2013 could not have concluded on a more positive note for Jerry Hammer, Executive Vice President & General Manager, Minnesota State Fair. In addition to the fair itself receiving several Awards of Excellence at the 123rd Annual Convention of the International Association of Fairs and Expositions (IAFE), Hammer was officially inducted the IAFE Hall of Fame, one of the highest recognitions bestowed by the fair industry.
"It's an incredible thrill for which I am extremely grateful," said Hammer. "The Minnesota State Fair is a team effort, so I'm sharing the award with everyone here."
The modesty and emphasis on collaboration is typical for Hammer, who is not only Minnesota born and bred, but that birth and breeding actually occurred within the vicinity of the fair. Evidence indicates that the old saying - the fair is in his blood - is very true for Hammer. Hammer attended the fair every summer growing up and it was where he got his first job and subsequently spent his adult life happily working the Minnesota State Fair.
"I grew up about a block from the fairgrounds and started working on the grounds crew in 1970 as a 15-year-old high school student," said Hammer. "I joined the full-time staff out of college in 1977."
JUST SHOW UP
After graduating from the College of St. Thomas with a degree in journalism, he spent a year as sports and wire editor of the Owatonna People's Press. In 1977 he returned to the fair as a full-time staff member, rising through the ranks by holding positions in special events, publicity and marketing before being promoted to his current position of General Manager in 1997. Hammer has spent 44 years with the Minnesota State Fair.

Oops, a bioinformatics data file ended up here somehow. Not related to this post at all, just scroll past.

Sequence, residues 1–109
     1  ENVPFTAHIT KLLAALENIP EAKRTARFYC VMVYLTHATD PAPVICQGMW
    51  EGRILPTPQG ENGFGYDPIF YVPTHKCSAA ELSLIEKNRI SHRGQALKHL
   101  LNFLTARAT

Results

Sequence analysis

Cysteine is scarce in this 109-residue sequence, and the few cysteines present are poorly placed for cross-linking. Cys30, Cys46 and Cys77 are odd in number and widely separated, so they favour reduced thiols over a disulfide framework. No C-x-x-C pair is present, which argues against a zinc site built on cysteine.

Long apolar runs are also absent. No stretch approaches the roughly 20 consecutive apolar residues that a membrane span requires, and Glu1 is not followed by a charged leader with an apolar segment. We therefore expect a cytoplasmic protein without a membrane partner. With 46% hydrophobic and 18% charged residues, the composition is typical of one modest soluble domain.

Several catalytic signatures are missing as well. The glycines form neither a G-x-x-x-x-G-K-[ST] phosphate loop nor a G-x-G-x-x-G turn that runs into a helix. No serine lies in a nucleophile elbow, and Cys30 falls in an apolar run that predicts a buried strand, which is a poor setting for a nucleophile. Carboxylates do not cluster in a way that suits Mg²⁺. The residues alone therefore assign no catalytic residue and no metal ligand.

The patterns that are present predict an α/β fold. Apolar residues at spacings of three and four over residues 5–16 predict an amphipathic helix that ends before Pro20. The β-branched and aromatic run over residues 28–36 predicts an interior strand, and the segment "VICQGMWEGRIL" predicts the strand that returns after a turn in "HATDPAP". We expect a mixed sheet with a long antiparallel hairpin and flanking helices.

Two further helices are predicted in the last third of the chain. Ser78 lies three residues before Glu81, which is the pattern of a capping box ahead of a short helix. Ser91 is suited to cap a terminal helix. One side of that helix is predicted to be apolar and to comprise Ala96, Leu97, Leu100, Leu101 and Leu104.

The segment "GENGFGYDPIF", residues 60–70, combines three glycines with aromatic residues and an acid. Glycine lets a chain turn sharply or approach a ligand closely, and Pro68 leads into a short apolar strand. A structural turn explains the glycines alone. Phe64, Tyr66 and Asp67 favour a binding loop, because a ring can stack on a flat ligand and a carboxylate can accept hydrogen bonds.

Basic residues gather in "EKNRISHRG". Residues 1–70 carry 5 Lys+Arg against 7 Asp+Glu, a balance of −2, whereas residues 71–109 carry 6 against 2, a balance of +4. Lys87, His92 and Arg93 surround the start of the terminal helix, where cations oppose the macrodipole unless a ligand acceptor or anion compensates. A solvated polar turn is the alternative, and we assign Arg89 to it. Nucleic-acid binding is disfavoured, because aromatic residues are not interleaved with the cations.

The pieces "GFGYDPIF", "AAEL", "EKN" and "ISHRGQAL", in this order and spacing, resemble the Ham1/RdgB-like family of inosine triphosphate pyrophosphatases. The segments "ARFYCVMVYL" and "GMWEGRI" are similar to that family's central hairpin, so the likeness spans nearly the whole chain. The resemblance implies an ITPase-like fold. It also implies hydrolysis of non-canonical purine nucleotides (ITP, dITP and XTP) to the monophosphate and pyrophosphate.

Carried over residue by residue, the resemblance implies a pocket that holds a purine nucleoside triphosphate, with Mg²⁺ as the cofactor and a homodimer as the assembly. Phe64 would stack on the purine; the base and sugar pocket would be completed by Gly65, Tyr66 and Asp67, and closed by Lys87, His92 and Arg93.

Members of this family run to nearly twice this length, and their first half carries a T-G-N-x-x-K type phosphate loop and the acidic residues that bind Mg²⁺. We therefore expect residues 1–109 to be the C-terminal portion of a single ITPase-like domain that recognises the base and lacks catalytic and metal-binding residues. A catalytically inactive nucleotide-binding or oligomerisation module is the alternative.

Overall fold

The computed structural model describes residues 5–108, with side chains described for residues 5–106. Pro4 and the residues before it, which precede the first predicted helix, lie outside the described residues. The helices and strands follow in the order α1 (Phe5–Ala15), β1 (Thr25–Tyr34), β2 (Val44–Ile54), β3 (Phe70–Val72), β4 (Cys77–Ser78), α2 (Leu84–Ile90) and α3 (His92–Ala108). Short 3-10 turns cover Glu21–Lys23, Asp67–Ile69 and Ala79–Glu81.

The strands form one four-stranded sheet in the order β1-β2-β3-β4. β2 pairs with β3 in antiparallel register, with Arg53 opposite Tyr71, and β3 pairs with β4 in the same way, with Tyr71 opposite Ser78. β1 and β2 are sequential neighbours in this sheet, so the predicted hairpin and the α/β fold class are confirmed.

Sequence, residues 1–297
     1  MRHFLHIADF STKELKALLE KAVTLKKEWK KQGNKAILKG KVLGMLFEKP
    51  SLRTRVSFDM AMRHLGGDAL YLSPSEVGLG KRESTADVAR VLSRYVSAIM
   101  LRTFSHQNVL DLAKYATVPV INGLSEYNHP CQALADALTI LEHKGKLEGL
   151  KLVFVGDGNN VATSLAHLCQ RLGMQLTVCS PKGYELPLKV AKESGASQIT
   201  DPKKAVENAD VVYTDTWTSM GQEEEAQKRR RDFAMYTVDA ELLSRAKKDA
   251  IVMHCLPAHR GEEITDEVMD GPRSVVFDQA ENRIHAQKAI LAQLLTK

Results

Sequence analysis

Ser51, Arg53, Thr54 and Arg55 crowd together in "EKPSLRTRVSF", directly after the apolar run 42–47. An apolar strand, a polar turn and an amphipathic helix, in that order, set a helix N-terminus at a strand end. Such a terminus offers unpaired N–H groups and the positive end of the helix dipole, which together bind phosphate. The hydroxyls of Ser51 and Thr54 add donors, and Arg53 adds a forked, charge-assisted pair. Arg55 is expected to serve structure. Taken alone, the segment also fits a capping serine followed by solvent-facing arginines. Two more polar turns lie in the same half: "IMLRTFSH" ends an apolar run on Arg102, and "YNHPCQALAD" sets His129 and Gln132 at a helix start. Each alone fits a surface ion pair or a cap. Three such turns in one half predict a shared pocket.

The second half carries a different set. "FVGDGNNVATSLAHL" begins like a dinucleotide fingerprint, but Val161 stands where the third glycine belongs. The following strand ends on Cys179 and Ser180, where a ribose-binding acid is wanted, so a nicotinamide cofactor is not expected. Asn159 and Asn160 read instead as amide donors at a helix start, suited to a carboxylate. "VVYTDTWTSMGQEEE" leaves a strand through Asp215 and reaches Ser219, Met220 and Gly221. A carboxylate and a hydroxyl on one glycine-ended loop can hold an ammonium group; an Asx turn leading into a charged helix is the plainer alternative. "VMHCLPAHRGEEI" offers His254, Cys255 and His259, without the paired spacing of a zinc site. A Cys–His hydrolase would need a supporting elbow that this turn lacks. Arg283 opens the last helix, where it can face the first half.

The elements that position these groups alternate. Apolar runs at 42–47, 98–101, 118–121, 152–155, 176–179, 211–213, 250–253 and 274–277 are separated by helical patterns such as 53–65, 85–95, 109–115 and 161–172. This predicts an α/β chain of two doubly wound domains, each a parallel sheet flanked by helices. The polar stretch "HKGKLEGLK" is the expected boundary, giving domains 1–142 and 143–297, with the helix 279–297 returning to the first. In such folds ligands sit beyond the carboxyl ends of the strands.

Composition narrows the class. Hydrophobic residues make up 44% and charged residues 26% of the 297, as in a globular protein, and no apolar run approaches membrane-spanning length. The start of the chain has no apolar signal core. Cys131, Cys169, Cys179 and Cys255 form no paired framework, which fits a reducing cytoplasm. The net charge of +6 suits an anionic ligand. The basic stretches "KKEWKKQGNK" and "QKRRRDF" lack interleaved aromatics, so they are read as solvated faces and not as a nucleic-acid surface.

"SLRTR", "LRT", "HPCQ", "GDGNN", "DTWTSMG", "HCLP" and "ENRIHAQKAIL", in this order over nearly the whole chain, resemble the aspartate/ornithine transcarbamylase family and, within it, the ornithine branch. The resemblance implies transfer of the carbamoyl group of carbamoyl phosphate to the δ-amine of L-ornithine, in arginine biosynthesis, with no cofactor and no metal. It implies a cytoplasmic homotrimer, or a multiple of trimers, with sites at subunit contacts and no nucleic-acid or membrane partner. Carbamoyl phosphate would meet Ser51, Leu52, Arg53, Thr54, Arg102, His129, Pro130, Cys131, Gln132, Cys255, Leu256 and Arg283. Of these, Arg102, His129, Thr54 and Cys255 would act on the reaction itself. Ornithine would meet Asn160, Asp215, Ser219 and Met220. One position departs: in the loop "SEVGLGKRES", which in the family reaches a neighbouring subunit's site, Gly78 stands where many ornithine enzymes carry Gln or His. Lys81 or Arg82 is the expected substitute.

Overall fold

His secret of being a successful fair manger?
While this may sound overly modest and simple, the bottom line is to make your commitment apparent to all the fair stakeholders. "Be there for your staff," said Hammer. "Be there for your board. Be there for your commercial and competitive exhibitors and your neighbors, sponsors and business partners. Most of all, be there for your fair visitors. Just show up!"
With an annual budget of $42 million, the Minnesota State Fair is one of the largest, and oldest of the Midwest fairs. The Minnesota State Agricultural Society (the governing body of the fair) was founded in 1854 - four years before Minnesota became a state. The fair has been held at its current location on the northwestern corner of St. Paul since 1885. The Minnesota State Fair is now a quasi-state agency, non-profit public corporation, receiving no public financial assistance and attracts approximately 1.8 million visitors annually, running 12 Days, ending on Labor Day.
The IAFE awarded a host of additional recognitions to the Minnesota State Fair, reflecting both Hammer's leadership skills and his journalistic and public relations background. The categories where Minnesota State Fair received IAFE 2013 top honors included: Fair and Sponsor/Partner Joint Exhibit Program Award in Agriculture; Fair Agricultural Photo Award; Innovation in Sponsorship Award; Promotional Advertising Award - non-traditional/out of home advertising; Printed Promotional Material Award - multi-page publication; Electronic Newsletter Award; Best Individual Social Media Idea or Effort Award; and Solution-Based Communication Effort Award.